Your air conditioning system’s evaporator and condenser coils play important roles when it comes to keeping your Texas home cool and comfortable. This mass of aluminum and copper piping is what your air conditioning system’s refrigerant travels through in order to provide effective and efficient cooling.
A basic understanding of how evaporator and condenser coils work to provide your home with the utmost comfort is handy to have when it comes to taking care of common coil-related issues. It may even encourage you to care for your air conditioner and give it the proper maintenance it needs to live a long life.
How Evaporator and Condenser Coils Work
In spite of their similar appearances and functions, evaporator and condenser coils are located in two different areas of your central A/C system. The evaporator coil is located within the plenum of the indoor portion of the cooling system, while the condenser coil is located within the outdoor portion.
The evaporator coil doesn’t produce cold; instead, it takes away heat by absorbing the latent heat within the air using the refrigerant within the coils. Before the refrigerant enters the coils, it goes through an expansion valve that allows the pressurized gas to expand and cool, allowing it to readily absorb heat and carry it back to the condenser coil.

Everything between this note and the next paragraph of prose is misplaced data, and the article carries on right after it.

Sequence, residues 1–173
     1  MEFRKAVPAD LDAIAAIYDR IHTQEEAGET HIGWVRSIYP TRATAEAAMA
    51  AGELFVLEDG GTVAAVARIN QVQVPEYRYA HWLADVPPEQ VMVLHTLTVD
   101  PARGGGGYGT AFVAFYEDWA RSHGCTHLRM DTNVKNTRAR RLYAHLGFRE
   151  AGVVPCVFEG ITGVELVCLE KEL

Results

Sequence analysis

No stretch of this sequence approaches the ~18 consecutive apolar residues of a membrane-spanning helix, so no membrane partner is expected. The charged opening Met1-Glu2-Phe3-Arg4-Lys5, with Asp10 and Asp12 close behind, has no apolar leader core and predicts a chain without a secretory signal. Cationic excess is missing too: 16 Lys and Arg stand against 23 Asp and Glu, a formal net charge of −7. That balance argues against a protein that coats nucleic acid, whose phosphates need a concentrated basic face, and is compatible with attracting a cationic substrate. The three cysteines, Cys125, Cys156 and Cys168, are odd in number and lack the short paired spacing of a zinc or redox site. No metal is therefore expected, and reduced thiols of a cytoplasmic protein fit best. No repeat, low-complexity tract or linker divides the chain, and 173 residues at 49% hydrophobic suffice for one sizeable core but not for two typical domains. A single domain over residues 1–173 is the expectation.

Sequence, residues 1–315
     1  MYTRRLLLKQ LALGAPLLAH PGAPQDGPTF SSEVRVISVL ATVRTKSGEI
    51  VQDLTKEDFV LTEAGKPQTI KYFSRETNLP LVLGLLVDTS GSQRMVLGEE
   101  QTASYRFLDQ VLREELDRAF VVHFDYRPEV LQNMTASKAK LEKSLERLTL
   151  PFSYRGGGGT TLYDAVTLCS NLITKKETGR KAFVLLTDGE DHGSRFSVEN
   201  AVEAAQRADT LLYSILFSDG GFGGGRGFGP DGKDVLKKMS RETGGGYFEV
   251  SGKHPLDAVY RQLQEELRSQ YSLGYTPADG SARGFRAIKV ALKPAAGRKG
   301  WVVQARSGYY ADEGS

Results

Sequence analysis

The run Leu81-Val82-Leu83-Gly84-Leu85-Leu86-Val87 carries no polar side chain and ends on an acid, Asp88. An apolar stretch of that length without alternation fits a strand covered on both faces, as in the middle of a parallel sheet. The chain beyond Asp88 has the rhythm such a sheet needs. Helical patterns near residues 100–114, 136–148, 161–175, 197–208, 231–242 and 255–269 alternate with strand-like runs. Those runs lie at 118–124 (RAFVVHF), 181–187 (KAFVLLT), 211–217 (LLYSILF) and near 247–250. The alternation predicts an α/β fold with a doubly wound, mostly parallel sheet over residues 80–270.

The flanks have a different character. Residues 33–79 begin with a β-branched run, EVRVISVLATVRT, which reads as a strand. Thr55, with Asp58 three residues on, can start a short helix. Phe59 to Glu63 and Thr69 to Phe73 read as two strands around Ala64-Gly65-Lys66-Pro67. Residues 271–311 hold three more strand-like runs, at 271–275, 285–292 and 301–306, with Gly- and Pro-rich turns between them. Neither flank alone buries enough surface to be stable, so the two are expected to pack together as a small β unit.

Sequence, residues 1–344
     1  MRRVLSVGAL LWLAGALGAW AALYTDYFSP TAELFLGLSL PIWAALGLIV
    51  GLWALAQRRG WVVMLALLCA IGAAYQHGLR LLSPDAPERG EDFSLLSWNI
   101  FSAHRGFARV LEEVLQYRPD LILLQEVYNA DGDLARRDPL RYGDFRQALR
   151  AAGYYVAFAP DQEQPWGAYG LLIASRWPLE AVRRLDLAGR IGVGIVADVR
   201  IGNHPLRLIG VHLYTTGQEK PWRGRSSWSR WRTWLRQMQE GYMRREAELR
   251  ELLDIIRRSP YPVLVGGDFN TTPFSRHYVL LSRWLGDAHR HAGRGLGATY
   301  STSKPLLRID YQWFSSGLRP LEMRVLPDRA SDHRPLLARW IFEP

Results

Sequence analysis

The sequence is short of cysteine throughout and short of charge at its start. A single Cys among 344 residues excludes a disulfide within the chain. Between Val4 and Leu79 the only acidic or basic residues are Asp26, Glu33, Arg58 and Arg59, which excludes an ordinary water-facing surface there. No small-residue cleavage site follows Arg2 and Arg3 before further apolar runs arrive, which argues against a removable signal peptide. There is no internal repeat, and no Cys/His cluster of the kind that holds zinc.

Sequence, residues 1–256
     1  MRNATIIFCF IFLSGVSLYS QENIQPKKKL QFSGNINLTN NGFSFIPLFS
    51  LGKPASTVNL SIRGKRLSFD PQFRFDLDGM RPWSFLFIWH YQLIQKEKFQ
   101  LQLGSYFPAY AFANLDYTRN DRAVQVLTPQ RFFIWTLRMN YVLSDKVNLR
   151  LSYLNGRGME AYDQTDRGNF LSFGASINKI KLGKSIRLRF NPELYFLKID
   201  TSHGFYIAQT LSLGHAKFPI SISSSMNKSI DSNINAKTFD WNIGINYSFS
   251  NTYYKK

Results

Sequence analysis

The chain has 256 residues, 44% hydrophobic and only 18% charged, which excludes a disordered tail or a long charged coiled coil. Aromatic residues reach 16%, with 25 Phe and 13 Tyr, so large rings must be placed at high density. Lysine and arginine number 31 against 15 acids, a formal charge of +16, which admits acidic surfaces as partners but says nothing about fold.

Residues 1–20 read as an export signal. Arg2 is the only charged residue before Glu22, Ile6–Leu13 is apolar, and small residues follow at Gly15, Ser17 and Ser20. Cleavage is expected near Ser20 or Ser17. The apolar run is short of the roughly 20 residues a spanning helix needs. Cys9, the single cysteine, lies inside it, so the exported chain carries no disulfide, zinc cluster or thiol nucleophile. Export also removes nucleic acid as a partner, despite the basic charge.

Once the refrigerant reaches the condenser coil, it’s compressed back into a high-pressure liquid. Heavy-duty fans help the condenser coil dissipate and ultimately release the latent heat that was captured by the refrigerant while it was traveling through the evaporator.
Problems Evaporator Coils Can Face
- Corrosion – Steel rusts, but the copper and aluminum plumbing that makeup evaporator coils can become corroded and pitted with age and exposure to harsh chemicals. These microscopic pinholes and fissures can cause dangerous refrigerant leaks.
- Occasional blockages – You’d be surprised at how much dust and debris can get inside of an air conditioner. This stuff can settle on the evaporator coil and block the airflow it needs to function properly and efficiently.
- Mold and mildew – It’s pretty dark and damp inside the plenum, and evaporator coils can get plenty dirty. Without a regular dose of sunlight to help combat mold and mildew spores, these two biological hazards can cause serious indoor air quality issues, as well as prevent air from flowing in between the fins.
Problems Condenser Coils Could Face
- Outdoor dirt and debris – Vegetation and assorted debris can collect along the bottom of the condenser, cutting off airflow to the condenser coil and its exhaust fan. Keeping this area clear of brush, tall grasses, leaves, and other stray debris can help prevent blockages from happening.
- Occasional blockages – Just like evaporator coils can become blocked with household dust and debris, A/C condenser coils can also become blocked, usually due to dust and pollen buildup.
Regular Maintenance Is the Key to Good Care
Taking care of the evaporator and condenser coils and the A/C system as a whole involves regularly scheduled care and cleaning.